Every emergency situation requires immediate response and action. The primary objective, always, is to ensure the safety of human lives that may be affected. Protection against damage to property comes next. How does a group of people confined in the workplace determine which is the best course of action to take?

Generally speaking, the assigned Chief Warden decides on what kind of response will apply and be implemented. Because there are various types of emergencies, it is important that the Chief Warden decides on this matter accordingly, based on how the situation progresses or develops.


Four Types of Response Options

Four available options can be taken during an emergency situation, which is the following:

  1. Evacuation (partial or full site)
  2. Lock-down
  3. Shelter in Place
  4. No immediate action required



The instinct of many people when they find out that they are in the midst of an emergency is to evacuate. The context in which an evacuation would be best-applied include, but are not limited to, the following:

  • Fire
  • Powerful failure or blackout
  • Hazardous materials spills
  • Biological threat
  • Air conditioning contamination
  • Building Damage

Before the Chief Warden gives an evacuation order, determining that the lives of the people in the building or premises are going to be safer if they are taken out of it should be a certainty first. For example, in the case of an earthquake, while most people would think that getting out of the building is the best thing to do right then and there, the fact of the matter is that it may, in fact, prove to be the more dangerous choice. With the structure unstable and moving, walls and beams may collapse, the debris of which can lead to entrapment or injury. This is why while the tremors are ongoing, occupants are advised to duck for cover instead and wait for the clearance before they proceed to file out in an evacuation.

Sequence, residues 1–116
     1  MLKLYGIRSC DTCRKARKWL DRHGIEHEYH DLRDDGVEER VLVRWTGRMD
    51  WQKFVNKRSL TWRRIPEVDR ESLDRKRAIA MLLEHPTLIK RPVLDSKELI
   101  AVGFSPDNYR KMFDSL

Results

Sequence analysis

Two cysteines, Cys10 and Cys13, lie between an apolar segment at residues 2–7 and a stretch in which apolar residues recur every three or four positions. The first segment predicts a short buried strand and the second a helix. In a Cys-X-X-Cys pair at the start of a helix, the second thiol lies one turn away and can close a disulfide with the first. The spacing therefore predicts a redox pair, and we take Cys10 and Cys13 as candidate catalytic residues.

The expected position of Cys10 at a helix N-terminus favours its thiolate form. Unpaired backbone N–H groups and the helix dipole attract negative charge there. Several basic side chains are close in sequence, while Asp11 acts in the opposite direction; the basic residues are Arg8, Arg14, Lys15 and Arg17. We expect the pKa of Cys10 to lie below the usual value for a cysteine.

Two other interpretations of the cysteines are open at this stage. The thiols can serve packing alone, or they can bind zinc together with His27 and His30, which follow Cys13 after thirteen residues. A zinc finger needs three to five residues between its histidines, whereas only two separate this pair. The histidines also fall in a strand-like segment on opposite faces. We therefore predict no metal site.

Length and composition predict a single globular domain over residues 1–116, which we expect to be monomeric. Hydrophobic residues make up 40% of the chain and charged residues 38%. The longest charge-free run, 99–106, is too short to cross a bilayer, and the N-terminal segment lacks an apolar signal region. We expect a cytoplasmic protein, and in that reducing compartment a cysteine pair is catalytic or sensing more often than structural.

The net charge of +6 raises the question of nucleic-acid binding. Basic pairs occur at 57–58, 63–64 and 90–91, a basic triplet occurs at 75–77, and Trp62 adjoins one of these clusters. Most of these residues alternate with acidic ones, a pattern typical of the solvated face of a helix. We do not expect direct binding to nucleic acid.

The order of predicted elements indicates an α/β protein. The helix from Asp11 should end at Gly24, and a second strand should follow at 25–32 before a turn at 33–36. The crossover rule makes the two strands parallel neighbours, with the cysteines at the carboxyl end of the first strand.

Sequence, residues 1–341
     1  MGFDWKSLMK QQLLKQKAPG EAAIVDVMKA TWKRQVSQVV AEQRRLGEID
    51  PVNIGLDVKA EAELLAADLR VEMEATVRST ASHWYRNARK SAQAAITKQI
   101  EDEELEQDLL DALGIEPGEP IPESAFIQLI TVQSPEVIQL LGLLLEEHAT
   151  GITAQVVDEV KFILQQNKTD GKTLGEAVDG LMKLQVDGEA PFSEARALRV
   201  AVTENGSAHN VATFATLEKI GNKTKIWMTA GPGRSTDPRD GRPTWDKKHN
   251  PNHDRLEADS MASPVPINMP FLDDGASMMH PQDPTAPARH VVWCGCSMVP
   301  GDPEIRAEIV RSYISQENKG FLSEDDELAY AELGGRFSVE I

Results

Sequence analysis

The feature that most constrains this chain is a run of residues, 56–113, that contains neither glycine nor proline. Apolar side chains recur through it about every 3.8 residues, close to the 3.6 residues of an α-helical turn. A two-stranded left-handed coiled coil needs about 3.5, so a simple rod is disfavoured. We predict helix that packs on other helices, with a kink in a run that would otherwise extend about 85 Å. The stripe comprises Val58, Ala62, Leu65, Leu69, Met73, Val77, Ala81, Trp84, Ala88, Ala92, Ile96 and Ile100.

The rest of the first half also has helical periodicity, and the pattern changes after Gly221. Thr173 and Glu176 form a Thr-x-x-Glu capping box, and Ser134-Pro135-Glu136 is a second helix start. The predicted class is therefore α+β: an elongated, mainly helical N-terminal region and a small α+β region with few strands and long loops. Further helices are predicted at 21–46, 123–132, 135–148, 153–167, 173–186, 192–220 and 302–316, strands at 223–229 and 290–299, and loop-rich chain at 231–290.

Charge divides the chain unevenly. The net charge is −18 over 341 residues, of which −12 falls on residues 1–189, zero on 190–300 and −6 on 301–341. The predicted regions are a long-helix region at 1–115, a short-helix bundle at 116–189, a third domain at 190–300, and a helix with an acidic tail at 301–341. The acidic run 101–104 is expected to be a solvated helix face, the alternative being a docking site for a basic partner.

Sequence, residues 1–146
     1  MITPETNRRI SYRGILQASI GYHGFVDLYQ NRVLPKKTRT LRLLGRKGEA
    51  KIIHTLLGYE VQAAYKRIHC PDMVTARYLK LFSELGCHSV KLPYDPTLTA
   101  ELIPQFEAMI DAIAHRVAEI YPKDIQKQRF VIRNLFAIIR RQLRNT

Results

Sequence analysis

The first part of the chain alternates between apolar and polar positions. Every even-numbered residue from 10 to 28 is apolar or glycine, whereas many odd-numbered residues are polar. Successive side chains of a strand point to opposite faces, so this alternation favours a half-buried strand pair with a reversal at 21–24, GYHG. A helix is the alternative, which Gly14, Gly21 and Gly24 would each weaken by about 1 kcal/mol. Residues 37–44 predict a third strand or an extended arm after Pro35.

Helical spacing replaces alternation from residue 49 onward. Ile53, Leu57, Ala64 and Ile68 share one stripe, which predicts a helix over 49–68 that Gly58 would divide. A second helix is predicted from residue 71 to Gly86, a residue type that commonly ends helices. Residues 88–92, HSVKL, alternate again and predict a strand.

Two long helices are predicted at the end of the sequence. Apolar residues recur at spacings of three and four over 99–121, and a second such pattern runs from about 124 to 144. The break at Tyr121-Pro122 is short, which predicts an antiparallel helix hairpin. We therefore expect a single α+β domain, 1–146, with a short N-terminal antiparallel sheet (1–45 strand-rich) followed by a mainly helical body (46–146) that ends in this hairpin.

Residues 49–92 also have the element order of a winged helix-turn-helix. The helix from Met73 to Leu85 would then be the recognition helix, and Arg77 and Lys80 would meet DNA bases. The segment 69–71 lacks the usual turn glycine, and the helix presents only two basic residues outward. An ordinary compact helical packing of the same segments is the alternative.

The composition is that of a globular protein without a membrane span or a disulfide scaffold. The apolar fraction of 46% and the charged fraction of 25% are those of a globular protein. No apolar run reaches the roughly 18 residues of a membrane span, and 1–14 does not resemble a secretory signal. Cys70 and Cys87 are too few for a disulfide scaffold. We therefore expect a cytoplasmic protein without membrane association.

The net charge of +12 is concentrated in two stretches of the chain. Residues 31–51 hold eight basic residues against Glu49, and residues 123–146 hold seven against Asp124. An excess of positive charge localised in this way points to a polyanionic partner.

However, if the emergency happens to entail a massive fire, then obviously, immediate evacuation would have to be necessary. Protocol dictates that those nearest the affected area must be evacuated first. The occupants are then to follow the evacuation plan, which is to take the nearest fire exits and head straight to the nearest and safest assembly point. From there, a headcount will be made to account for everyone in the building.



As opposed to an evacuation, wherein occupants are brought out of the building; a lockdown keeps them inside. This is under the presumption that a bigger threat awaits them outside their present location. This is usually the action taken during civil disturbances or in the event of structural damage.

Depending on the building’s design and security system, a lockdown may be communicated through the alarm system, and initiated through electronic doors shutting the place down. Wardens may also manually lock the entrance and exit points to prevent anyone from entering or leaving the area.


Shelter in Place

Like the Lockdown, Shelter in Place keeps the occupants inside the premises. The major difference is that they are not necessarily locked in. This option is a bit friendlier than the others, in the sense that there is no immediate threat to the occupants or the structure per se. The manner by which this response is communicated can also take on any form appropriate.

Situations that would require a Shelter in Place would include:

  • Fire in adjacent property
  • Flood
  • Hazardous spill in adjacent property


No Immediate Action Required

In other words, the people are called on to stand by and wait for further instructions. Response to the emergency situation is put on hold, pending significant progress or development. Just because there is no immediate threat, however, it doesn’t mean that they could afford to be lax.

The wardens and the rest of the ECO team can, in the meantime, apprise the staff of the situation so far, and what are the possible actions that they will have to take. It is also important for the Chief Warden to keep in close contact and coordination with emergency services.

With these options available, there should be more leeway for the ECO team and the general occupants to respond to the situation accordingly, whatever its context may be. At the end of the day, it will have to rely on the call of the Chief Warden, based on the assessment of the scenario. Hopefully, the Chief Warden will be able to make the proper call and lead everyone to safety.


EvacServices offers a comprehensive Emergency Response Training programme, or more information contacts us by filling out the form bel0w.

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